LONDON/ZURICH/WASHINGTON (Reuters) - British bank HSBC Holdings Plc (HSBA.L) admitted failings by its Swiss subsidiary in response to media reports it helped wealthy customers dodge taxes and conceal millions of dollars of assets, shedding light on the extensive legal problems that still dog the world's second-largest bank.
The International Consortium of Investigative Journalists (ICIJ), which coordinated the reporting, said a list of people who held HSBC accounts in Switzerland included football and tennis professionals, rock stars and Hollywood actors.
Reuters could not independently verify any of the names listed by the ICIJ. Having a Swiss bank account is not illegal and many are held for legitimate purposes.
U.S. prosecutors are investigating whether HSBC helped Americans evade taxes, and it is unclear when any charges or a settlement could materialise.
U.S. authorities are also probing whether HSBC manipulated currency rates. A U.S. law enforcement official said on Monday that the investigations could prompt the Department of Justice to revisit a 2012 deferred prosecution agreement with the bank.
The agreement was connected to a $1.9 billion (£1.2 billion) settlement that allowed HSBC to avoid criminal charges that it helped move hundreds of millions of dollars in illicit drug money through the U.S. financial system.
"It is quite possible that the (agreement) may be reopened as a result of the bank's activities on either or both the tax evasion and foreign exchange manipulation front," said the U.S. law enforcement official, who requested anonymity because the investigations are ongoing.
A spokesman for HSBC declined comment on the investigations.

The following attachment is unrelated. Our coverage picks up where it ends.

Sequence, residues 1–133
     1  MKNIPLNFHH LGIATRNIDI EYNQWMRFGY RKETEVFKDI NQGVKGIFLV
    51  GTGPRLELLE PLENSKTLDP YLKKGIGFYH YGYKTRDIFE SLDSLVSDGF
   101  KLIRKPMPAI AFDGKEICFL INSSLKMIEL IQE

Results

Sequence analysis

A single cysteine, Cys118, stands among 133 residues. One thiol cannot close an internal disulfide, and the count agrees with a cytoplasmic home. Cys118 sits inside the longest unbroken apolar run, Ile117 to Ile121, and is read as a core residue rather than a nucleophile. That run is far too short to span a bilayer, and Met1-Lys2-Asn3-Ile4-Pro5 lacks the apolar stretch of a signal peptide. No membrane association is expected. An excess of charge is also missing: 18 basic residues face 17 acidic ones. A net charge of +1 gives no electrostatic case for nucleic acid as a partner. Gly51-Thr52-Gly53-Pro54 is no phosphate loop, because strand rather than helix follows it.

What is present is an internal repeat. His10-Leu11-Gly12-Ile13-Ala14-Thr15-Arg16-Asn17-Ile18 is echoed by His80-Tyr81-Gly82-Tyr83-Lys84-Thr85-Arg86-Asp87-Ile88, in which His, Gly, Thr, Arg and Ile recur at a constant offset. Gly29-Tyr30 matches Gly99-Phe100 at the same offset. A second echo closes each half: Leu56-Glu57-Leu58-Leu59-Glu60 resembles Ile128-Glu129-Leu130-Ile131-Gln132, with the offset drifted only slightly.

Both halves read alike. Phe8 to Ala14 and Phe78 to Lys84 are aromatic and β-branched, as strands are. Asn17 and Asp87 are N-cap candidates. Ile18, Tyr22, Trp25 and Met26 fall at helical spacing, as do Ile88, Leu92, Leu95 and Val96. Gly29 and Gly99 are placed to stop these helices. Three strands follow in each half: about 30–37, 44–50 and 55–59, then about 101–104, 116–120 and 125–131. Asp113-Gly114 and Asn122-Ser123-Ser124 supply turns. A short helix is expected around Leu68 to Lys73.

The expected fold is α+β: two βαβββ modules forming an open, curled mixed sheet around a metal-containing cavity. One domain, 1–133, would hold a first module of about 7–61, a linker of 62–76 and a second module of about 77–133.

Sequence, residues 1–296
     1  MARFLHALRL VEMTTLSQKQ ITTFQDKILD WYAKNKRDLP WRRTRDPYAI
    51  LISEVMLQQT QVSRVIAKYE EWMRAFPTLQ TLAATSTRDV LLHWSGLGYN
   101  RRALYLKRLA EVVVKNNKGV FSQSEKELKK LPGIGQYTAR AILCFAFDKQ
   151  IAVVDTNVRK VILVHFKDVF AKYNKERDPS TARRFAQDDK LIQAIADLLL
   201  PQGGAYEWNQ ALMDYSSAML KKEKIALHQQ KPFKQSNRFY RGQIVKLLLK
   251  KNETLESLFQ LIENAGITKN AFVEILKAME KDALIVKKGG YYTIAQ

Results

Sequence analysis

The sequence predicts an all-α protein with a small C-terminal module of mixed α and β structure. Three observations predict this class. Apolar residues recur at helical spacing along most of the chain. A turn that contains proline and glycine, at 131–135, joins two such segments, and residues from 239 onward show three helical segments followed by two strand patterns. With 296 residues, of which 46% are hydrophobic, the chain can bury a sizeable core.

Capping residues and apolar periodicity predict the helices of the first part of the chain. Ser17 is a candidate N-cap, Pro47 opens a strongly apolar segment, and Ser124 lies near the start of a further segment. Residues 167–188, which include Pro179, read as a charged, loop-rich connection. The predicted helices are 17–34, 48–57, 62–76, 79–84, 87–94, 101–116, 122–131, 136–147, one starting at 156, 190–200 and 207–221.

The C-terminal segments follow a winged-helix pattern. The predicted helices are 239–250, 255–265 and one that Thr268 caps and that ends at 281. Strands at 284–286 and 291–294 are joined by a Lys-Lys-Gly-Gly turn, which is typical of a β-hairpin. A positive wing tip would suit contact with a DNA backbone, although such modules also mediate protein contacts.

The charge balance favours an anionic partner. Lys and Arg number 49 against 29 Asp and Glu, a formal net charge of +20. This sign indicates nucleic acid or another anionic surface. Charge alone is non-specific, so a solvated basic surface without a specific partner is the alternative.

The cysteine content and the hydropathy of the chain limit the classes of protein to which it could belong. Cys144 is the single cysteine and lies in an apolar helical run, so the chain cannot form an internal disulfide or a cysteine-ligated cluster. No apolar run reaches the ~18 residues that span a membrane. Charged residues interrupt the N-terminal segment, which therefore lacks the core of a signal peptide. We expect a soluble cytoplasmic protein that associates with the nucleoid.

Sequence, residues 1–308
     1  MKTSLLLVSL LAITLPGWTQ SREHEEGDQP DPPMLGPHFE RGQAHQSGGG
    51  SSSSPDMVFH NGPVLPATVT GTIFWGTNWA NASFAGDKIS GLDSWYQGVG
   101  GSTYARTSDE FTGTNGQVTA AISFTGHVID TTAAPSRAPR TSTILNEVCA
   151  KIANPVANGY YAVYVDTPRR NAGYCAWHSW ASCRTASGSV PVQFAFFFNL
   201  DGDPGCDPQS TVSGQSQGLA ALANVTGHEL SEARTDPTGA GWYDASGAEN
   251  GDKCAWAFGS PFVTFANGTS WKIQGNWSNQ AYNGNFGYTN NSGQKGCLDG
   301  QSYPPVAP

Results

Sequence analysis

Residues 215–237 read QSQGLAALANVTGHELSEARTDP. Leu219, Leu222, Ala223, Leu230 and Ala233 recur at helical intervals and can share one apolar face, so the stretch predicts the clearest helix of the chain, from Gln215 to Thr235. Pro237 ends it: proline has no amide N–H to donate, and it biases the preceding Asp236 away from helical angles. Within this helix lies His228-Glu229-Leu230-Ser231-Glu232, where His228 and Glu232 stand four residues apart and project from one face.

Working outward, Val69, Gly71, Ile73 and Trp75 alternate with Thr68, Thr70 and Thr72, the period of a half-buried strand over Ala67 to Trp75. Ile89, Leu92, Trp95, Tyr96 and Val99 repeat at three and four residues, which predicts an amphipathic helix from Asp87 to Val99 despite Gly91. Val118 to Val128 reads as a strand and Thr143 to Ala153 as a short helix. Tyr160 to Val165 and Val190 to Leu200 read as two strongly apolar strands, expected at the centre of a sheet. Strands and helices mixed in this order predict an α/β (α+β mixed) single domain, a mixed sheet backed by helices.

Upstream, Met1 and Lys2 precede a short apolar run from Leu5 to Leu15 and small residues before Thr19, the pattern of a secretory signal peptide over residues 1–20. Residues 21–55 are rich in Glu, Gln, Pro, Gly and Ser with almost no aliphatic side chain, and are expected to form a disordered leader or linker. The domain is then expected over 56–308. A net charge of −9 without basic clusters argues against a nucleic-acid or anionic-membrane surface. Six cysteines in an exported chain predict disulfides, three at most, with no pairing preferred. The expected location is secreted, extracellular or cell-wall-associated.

Under the terms of the 2012 agreement over anti-money laundering lapses, HSBC was obligated for five years to both fully cooperate with prosecutors on any other investigations and commit no crimes after it signed the deal.
If prosecutors decide the bank is in breach of the agreement, the bank could face harsher penalties to resolve the other probes.
The tax investigation dates back to at least 2010, as part of a broader inquiry into Swiss banks that helped wealthy Americans hide money oversees, and any information known to prosecutors before the deal would not implicate it.
Multiple banks are also under investigation in the currency probe, which was made public in 2013. U.S., Swiss, and British civil authorities fined six banks in November including HSBC $4.3 billion for failing to stop traders from trying to manipulate the largely unregulated $5-trillion-a-day foreign exchange market.
The newly released HSBC Swiss client list included royalty such as Morocco's King Mohammed, politicians, corporate executives including former Santander (SAN.MC) chairman Emilio Botin, who died last year, and wealthy families, the ICIJ said. A spokesman for the Moroccan royal palace declined to comment.
Uruguayan football player Diego Forlan, who was also on the list, on Monday denied evading taxes by hiding money in Swiss accounts with HSBC.